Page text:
COVID-19 Vaccine Booster Shots
- People 65 years and older, 50–64 years with underlying medical conditions, or 18 years and older who live in long-term care settings should receive a booster shot.
- People 18 years and older should receive a booster shot at least 2 months after receiving their Johnson & Johnson/Janssen COVID-19 vaccine.
IF YOU RECEIVED
Pfizer-BioNTech or Moderna
You are eligible for a booster if you are:
- 65 years or older
- Age 18+ who live in long-term care settings
- Age 18+ who have underlying medical conditions
- Age 18+ who work or live in high-risk settings
When to get a booster:
At least 6 months after your second shot
Which booster should you get?
Any of the COVID-19 vaccines authorized in the United States
You may choose which COVID-19 vaccine you receive as a booster shot. Some people may have a preference for the vaccine type that they originally received, and others may prefer to get a different booster. CDC’s recommendations now allow for this type of mix and match dosing for booster shots.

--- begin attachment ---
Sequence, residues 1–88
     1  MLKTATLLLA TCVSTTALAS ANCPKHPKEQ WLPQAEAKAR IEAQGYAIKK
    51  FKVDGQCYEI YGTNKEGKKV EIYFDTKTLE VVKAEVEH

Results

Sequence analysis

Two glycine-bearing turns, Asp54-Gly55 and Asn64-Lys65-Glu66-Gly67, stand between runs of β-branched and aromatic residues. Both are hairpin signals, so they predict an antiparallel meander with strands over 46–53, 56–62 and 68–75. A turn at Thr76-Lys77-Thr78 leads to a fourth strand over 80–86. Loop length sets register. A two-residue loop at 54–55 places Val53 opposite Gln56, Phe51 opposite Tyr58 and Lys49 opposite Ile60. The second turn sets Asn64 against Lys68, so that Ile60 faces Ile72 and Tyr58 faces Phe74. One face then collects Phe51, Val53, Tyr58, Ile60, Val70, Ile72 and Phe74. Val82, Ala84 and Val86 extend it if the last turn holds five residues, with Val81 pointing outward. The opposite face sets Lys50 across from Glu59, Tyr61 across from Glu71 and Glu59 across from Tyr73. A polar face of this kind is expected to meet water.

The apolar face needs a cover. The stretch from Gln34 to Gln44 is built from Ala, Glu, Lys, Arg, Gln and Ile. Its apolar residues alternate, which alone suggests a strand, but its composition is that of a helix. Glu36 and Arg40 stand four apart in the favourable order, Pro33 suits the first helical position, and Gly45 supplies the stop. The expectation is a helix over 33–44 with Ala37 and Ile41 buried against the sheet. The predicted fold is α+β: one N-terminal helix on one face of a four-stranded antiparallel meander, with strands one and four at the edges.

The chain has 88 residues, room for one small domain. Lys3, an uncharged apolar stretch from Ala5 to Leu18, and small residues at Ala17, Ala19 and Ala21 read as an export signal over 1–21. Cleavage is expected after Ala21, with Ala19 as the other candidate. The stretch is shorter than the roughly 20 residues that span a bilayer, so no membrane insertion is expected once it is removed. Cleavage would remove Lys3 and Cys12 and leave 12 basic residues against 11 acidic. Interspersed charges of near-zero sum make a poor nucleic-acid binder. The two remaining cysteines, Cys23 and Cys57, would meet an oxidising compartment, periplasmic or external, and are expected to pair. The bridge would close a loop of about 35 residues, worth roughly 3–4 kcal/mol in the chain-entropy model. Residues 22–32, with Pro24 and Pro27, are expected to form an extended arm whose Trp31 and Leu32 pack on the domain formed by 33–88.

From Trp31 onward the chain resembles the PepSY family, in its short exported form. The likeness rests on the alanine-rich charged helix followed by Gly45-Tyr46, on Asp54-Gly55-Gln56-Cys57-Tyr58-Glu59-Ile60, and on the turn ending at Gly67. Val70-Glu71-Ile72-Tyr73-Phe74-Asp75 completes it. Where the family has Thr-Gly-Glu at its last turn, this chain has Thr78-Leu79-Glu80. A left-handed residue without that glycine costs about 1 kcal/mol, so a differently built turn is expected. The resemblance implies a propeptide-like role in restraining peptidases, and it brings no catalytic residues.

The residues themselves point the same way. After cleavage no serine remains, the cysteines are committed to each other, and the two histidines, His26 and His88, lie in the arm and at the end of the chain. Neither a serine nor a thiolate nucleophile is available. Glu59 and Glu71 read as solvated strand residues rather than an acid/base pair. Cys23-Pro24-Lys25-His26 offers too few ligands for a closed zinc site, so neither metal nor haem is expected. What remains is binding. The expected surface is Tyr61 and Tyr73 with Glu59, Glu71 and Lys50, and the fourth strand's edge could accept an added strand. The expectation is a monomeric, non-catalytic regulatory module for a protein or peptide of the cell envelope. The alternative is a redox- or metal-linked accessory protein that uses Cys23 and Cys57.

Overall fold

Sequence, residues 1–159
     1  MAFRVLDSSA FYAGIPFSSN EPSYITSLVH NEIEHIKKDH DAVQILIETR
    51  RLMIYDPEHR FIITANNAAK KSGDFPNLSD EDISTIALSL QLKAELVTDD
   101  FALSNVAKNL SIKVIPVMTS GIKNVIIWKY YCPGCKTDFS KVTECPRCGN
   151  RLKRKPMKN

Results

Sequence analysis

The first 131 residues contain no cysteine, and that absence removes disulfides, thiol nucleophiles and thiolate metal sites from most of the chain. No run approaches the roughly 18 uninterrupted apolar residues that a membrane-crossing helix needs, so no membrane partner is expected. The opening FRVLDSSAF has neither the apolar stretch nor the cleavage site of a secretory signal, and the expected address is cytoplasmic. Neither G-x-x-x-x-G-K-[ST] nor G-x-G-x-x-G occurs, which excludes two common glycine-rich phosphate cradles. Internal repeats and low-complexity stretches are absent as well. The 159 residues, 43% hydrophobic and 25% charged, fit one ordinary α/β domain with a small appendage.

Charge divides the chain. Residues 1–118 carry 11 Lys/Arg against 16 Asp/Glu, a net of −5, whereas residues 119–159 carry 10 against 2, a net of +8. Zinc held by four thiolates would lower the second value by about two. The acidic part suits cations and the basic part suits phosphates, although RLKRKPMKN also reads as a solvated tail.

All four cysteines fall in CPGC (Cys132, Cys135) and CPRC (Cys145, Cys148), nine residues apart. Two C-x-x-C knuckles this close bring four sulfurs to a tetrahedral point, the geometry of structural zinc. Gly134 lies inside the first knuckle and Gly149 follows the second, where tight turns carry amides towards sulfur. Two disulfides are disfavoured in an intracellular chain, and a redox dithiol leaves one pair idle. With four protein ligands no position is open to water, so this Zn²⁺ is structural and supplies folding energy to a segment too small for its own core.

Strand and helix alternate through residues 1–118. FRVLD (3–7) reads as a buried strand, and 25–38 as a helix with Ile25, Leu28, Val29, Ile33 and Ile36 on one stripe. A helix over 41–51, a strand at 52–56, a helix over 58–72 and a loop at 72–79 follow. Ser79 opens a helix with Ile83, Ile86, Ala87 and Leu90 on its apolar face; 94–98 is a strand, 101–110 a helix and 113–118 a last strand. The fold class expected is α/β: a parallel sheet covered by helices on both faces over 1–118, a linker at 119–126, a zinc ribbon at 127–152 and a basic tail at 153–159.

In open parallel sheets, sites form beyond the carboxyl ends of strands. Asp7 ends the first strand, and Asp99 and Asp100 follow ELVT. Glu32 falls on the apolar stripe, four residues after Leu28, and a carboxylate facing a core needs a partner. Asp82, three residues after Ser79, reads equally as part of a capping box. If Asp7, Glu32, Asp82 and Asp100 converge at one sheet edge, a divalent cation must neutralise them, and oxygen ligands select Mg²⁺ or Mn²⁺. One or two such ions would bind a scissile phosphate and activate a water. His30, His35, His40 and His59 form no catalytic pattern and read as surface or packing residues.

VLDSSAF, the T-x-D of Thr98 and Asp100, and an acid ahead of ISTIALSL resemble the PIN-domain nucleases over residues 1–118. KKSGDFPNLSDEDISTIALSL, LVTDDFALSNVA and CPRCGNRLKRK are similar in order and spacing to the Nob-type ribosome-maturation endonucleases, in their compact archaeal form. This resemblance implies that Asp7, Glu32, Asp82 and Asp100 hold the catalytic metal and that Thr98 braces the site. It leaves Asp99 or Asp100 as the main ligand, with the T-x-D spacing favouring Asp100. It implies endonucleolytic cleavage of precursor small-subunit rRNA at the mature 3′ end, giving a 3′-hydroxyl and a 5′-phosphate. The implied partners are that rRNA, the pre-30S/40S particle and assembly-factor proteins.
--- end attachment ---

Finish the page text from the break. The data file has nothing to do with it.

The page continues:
Learn how you can find a COVID-19 vaccine near you.
Pfizer-BioNTech or Moderna COVID-19 Vaccine
People ages 65 years and older should get a booster shot. The risk of severe illness from COVID-19 increases with age and can also increase for adults of any age with underlying medical conditions.
Residents ages 18 years and older of long-term care settings should get a booster shot. Because residents in long-term care settings live closely together in group settings and are often older adults with underlying medical conditions, they are at increased risk of infection and severe illness from COVID-19.
People ages 50–64 years with underlying medical conditions should get a booster shot. The risk of severe illness from COVID-19 increases with age and can also increase for adults of any age with underlying medical conditions.
People ages 18–49 years with underlying medical conditions may get a booster shot based on their individual risks and benefits. The risk of severe illness from COVID-19 can increase for adults of any age with underlying medical conditions. This recommendation may change in the future as more data become available.